8 Tips for Effective Teacher Professional Development

effective teacher professional development

The goal of professional development (PD) for educators is improvement: Improved instructional strategies, improved teaching, and improved outcomes for students.

Too often, however, teacher PD is simply a waste of time. “Teaching the Teachers,” a report by National School Boards Association’s Center for Public Education, indicates that most PD neither changes teaching practices nor improves student learning.

This is because PD typically:

  • Focuses on too many goals, which are sometimes conflicting
  • Is not relevant or meaningful to teachers
  • Is delivered in an ineffective lecture style
  • Does not involve ongoing support or feedback for teachers
  • Is often associated with unrealistic expectations for implementation time, outcomes, etc.

Effective Teacher Professional Development That Works

But effective teacher professional development is possible. Here’s how to make the most of your PD to drive positive change.

1. Set goals

Much like planning a lesson, start with your target outcome. What problems at your school do you want to solve? What student learning outcomes need improvement?

Encourage teachers to provide input during the goal-setting process. PD needs to address issues that are relevant to your staff.

2. Narrow it down

Ultimately, you’ll choose just one or two instructional practices to focus on each school year.

Research has shown that brief, one-off workshops make little to no impact. In fact, teachers often need up to 50 hours of instruction, coaching, and practice to master and implement a new instructional strategy.

Effective teacher professional development must be continual and ongoing. If you want your teachers to actually use a strategy and use it effectively, give them time.

3. Make it hands-on

Lectures aren’t effective in the classroom, and they aren’t effective for professional development either.

Instead, provide hands-on opportunities for teachers to practice new strategies during PD sessions. Give teachers the chance to learn by doing.

4. Foster collaboration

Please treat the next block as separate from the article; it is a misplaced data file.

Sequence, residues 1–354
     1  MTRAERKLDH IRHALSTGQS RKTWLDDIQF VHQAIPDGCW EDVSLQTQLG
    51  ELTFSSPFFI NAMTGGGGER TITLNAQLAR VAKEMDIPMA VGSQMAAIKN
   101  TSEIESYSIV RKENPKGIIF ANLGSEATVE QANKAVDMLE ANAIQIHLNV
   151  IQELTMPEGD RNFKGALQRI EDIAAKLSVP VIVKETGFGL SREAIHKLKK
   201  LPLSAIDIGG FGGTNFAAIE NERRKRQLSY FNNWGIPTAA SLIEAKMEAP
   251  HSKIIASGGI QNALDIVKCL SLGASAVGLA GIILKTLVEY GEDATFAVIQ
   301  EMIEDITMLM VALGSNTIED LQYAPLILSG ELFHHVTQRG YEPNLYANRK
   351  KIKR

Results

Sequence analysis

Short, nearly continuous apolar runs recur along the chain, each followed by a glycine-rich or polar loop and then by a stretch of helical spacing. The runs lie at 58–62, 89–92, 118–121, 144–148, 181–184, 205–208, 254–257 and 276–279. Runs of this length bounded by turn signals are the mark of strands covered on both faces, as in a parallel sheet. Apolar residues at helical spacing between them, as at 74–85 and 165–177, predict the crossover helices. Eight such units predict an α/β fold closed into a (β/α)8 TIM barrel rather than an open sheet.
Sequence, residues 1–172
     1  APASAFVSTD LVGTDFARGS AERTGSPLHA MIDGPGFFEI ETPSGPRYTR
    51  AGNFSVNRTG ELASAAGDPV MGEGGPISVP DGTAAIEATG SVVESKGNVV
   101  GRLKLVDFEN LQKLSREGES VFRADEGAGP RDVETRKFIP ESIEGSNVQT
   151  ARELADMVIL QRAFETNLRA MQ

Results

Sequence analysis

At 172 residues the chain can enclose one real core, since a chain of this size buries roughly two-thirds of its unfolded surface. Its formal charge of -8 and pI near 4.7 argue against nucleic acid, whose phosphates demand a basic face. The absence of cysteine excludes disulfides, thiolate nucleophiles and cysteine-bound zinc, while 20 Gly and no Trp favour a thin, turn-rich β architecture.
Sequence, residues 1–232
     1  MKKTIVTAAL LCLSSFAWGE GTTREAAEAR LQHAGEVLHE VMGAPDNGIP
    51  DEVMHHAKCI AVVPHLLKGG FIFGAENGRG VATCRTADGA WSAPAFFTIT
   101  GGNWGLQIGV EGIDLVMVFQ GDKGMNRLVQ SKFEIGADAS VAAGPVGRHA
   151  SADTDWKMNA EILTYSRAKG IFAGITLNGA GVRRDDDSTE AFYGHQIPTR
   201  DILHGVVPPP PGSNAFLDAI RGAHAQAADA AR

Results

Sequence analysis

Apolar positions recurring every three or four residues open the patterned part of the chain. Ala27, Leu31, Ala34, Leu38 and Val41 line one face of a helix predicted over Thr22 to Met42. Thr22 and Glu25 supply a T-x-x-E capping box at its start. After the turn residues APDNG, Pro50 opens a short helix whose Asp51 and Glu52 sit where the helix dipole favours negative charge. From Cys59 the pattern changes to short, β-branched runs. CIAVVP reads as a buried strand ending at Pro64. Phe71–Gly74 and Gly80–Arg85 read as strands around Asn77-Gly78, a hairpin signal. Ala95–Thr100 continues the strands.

Another way to make learning active is through collaboration. Break teachers into small groups to discuss what they’re learning and how they can use it in their classrooms.

When possible, group teachers by subject area. Research shows that PD is best delivered in the context of the teacher’s subject area. Teachers don’t find information on generic topics useful.

However, they do benefit from analyzing how the skill or strategy applies to their content. This approach is well-received by teachers and has been shown to improve teacher practice and student learning.

So, even if you can’t offer separate professional development for each subject area, allow teachers to meet with their grade level/content area to discuss and process new information.

5. Develop something usable

Effective PD can be immediately practiced in the teacher’s classroom. Immediate success is unlikely, but immediate practice is essential.

At PD sessions, guide teachers in creating related activities or lesson plans that they can implement within the next week or two.

6. Provide coaching and mentoring

Teachers may like and understand a new strategy, but implementation is tricky. As teachers begin implementing new strategies, they need support.

Visit classrooms and offer non-evaluative feedback on your area(s) of focus. If you can’t offer feedback or it isn’t your area of expertise, call on instructional coaches or master teachers.

When some teachers pick up the new strategy more quickly than others, assign them to mentor other teachers. Create opportunities for teachers to visit “model” classrooms and see the new strategies in action.

In addition, encourage teachers to share their experiences implementing the new skills in their grade level or subject area meetings. Tell them to send any questions your way, or choose an expert in the area(s) of focus to field questions.

Teaching a new strategy once or twice does not promote change. Ongoing coaching, support, and troubleshooting is essential for effective teacher professional development.

7. Revisit goals

Throughout the PD process, your staff should be aware of the goals you set for the school year. These goals should be referenced on a regular basis.

In addition, teachers should be provided with strategies to monitor progress toward these goals. Use student data and teacher evaluations to see whether changes are having an effect on student achievement.

Next, give teachers opportunities to discuss their data with others. Brainstorm ideas and develop plans in response to the data.

8. Be realistic

Remember that successfully implementing new strategies takes time. Provide ongoing support, even into the following school year.

One reason school initiatives fail is that they are quickly abandoned. Commit for an extended period of time. Continue providing support and tracking progress. You will gradually see improvement.

Final Thoughts: Effective Teacher Professional Development

Often, teachers aren’t big fans of professional development. It’s probably because PD rarely leads to actual change or improvement.

By following the tips in this article, you can change that. Remember to:

  • Set specific, student-oriented goals
  • Narrow your focus down to 1-2 goals
  • Make learning collaborative and hands-on
  • Provide support throughout the implementation process
  • Revisit and track goals
  • Have realistic expectations

You’re busy, and so are your teachers. You don’t want to waste anyone’s time with PD that accomplishes nothing.

Try these tips, and you’ll see improved teaching practices and better student outcomes. Now that’s time well-spent!

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